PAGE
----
So on Sunday night I did a horrendously dumb thing, except I did not realize it was horrendously dumb until well after the fact.
I had been on a streak to clean up and organize the house after the holidays, and that included the very cluttered art room.
It is freezing cold down in the basement this time of year unless you're willing to crank the baseboards up in the other room. Even then, the warmth never quite makes it back in to my little corner of the creative, and I feel bad for using that much energy to heat such a small space inadequately.
I have had a small space heater that was given to me back in the days of living in That Apartment That Had the Constant Gas Leak, which actually even predates dating the man who is now my spouse. It's old, yes, but it would shoot out heat in that old 3rd floor Victorian row house-cum-apartment and give off just enough heat that we didn't get frostbite in my bedroom. Which, given that the landlord hated to actually heat the place, and demanded I see if I was cold AFTER putting a sweater on (BITCH I HAD ON A SWEATER, MITTENS AND A WINTER COAT. TURN ON THE FUCKING HEAT) was actually a distinct possibility.
The only thing is, there were high ceilings and good air circulation, so while I did always initially get a small whiff of something off the heater, it never had a chance to accumulate. The gas leak in the kitchen my landlord refused to actually pay money to fix was far more aromatic and concerning. The small heater was electric, to boot, and labeled as safe for indoor use. I never thought twice about, you know, using it for indoor use, because of these 2 reasons.
I still have this small space heater and it seemed perfect because it was a small space, well, it would work. So I turned it on while I was cleaning to try and keep myself, the dog, and both cats warm that kept wandering in and out trying to see what I was doing.
There was a smell that came off of it, but I figured it was dust burning off because it had been at least a year since I had turned it on, and thought nothing of it.
Except when I stood up 6 hours later, I could still smell the smell, and I realized I was very dizzy and disoriented, and my head felt like it had a balloon expanding inside of it that had smashed my consciousness to the outside. I was giddy, too, and after I turned off the heater and gave myself a few minutes elsewhere in the house, I realized the thoughts were screaming through my head. Literally screaming, as if there was no volume control.
I decided that since it was 2:30 am (actually earlier than I go to bed most days since I work 2nd shift) I should see if it was just exhaustion and go to bed.
When I laid down, the thoughts were still screaming and I had this odd sensation like there were insects ricocheting off the inside of my skull. It was so bad that I shoved a pillow down over my head to try and block everything out and calm all of the motion down. Somewhere in there I fell asleep and proceeded to have very, very bad nightmares. I woke up trying to scream from one.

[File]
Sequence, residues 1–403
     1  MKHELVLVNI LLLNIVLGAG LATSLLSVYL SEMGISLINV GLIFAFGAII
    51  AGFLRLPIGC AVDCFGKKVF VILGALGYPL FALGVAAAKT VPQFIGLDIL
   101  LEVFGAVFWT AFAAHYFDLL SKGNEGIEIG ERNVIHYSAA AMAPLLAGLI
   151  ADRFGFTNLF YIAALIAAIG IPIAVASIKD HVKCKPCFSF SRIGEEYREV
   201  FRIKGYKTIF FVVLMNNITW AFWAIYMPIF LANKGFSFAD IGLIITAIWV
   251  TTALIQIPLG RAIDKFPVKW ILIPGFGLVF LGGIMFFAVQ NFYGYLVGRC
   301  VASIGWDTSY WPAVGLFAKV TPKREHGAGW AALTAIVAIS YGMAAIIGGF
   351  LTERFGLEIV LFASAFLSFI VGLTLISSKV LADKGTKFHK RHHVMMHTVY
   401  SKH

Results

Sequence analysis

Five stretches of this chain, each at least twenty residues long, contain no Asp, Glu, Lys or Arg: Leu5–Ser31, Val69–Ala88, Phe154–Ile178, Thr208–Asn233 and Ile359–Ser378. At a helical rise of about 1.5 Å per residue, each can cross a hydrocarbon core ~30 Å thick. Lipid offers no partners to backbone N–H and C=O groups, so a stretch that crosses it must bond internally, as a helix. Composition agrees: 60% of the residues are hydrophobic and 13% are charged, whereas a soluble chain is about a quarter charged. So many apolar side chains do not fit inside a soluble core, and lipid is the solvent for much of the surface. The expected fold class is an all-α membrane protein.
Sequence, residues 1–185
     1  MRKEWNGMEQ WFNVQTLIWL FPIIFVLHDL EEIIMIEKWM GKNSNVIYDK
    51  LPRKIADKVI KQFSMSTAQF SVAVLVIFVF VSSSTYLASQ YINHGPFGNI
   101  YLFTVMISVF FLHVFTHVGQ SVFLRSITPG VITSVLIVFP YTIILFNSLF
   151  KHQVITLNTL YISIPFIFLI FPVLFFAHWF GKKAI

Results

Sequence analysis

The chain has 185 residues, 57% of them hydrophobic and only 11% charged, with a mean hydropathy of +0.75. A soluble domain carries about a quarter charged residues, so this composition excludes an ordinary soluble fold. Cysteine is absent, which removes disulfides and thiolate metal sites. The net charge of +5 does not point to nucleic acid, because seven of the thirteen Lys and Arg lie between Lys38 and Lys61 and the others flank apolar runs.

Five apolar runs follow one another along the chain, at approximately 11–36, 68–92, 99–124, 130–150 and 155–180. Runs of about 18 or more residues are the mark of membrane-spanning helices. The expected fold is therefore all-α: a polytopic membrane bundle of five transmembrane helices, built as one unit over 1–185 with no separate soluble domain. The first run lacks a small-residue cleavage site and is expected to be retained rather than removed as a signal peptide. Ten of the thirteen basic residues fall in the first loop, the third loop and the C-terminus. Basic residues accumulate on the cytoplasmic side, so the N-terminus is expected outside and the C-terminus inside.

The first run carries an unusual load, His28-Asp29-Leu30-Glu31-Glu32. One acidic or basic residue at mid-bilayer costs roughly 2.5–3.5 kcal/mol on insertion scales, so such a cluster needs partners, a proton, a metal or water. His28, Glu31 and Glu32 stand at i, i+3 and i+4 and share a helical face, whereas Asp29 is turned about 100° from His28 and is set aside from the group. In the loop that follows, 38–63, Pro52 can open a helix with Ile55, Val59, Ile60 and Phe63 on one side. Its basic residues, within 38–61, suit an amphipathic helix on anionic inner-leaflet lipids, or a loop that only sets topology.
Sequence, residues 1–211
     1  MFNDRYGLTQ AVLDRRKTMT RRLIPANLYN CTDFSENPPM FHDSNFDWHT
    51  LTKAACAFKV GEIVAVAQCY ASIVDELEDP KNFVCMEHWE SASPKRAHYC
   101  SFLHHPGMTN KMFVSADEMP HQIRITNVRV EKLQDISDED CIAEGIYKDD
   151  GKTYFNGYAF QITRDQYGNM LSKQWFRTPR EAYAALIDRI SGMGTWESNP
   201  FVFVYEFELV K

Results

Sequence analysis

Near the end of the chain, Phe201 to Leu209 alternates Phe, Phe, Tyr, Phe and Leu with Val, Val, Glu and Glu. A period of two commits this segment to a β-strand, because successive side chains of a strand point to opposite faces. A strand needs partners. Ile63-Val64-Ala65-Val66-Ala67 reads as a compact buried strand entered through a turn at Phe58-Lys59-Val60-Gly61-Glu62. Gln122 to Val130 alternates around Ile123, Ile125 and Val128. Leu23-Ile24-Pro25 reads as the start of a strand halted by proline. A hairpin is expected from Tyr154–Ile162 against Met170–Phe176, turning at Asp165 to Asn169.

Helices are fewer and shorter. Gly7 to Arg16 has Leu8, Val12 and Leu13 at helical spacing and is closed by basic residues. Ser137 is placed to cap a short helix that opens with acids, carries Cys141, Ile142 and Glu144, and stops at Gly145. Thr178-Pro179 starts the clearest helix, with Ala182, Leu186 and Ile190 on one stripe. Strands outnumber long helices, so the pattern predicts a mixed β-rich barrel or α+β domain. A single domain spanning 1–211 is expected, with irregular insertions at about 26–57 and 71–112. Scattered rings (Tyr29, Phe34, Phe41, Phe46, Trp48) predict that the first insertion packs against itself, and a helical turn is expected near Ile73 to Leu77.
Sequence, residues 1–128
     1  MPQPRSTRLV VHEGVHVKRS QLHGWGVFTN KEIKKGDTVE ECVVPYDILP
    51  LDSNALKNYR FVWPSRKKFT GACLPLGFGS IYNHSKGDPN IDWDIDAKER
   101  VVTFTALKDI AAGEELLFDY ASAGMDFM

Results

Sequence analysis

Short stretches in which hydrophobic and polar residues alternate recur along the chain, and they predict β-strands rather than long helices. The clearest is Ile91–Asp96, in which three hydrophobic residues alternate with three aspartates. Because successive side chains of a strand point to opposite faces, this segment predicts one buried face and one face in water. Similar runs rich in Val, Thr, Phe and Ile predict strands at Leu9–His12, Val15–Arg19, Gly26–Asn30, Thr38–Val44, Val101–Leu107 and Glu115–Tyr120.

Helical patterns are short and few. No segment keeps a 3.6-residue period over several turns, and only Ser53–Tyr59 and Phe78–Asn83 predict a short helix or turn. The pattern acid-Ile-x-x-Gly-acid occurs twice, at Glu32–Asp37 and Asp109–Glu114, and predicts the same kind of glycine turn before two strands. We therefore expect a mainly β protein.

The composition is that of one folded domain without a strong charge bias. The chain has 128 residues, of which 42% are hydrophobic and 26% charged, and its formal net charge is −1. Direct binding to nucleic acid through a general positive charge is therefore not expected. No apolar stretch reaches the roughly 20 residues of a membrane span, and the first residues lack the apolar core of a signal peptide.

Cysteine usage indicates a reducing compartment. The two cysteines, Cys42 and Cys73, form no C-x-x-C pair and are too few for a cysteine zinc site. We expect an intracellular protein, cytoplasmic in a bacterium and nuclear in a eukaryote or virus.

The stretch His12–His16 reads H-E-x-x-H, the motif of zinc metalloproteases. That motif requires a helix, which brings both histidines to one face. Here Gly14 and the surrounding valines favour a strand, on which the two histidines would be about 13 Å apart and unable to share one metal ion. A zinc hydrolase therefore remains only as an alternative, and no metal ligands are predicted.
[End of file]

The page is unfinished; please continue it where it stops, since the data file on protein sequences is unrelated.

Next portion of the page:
I felt horrible when I awoke, like I had the flu. I slept in as late as I possibly could, then stood in the shower for an hour. My mouth was completely dry (and had started drying out towards late evening last night) and I thought perhaps I was just dehydrated, although I didn't know why. I drank water, juice, whatever I could get my hands on. It went straight through me, and my mouth dried back out within half an hour. I also noticed I was incredibly dizzy with spaces of completely losing depth perception and being unable to figure out what I was doing.
I hate to say it, but I wrote these off as flu symptoms even though I didn't feel hot or achy or sore. On top of that, I've had a flu shot and this has been one of the healthiest winters in recent memory. Nor had I been drinking, that it might have been a hangover. Even the sudden spells of weakness where I was pretty sure I was about to take a faceplant in to the floor, though concerning, were written off as just being sick. And I decided to go in to work anyway despite this, which was probably the biggest mistake I could've done.
When I got there I felt a headache building the likes of which I have never experienced before. It became so big it felt as if the inside of my skull was pulped and raw and the outside was just an eggshell with hair on it. I was sitting at my seat trying to hide the fact I was crying from the pain and doing a poor job, because my manager very clearly saw it happening.
Four acetaminophen from the hall emergency first aid kit, a cup of coffee and three bottles of water later and my brain had calmed down to a dull roar. The headache had taken to hiding in the back, so my skull felt like a bowl that would just fall off if the headache gave it a good, swift kick. It was unnerving. I spent most of my shift with my head down. As most of the shift seemed to experience chronic headaches, I had the rare opportunity to experience empathy from coworkers and they advised me to get higher painkillers when I could.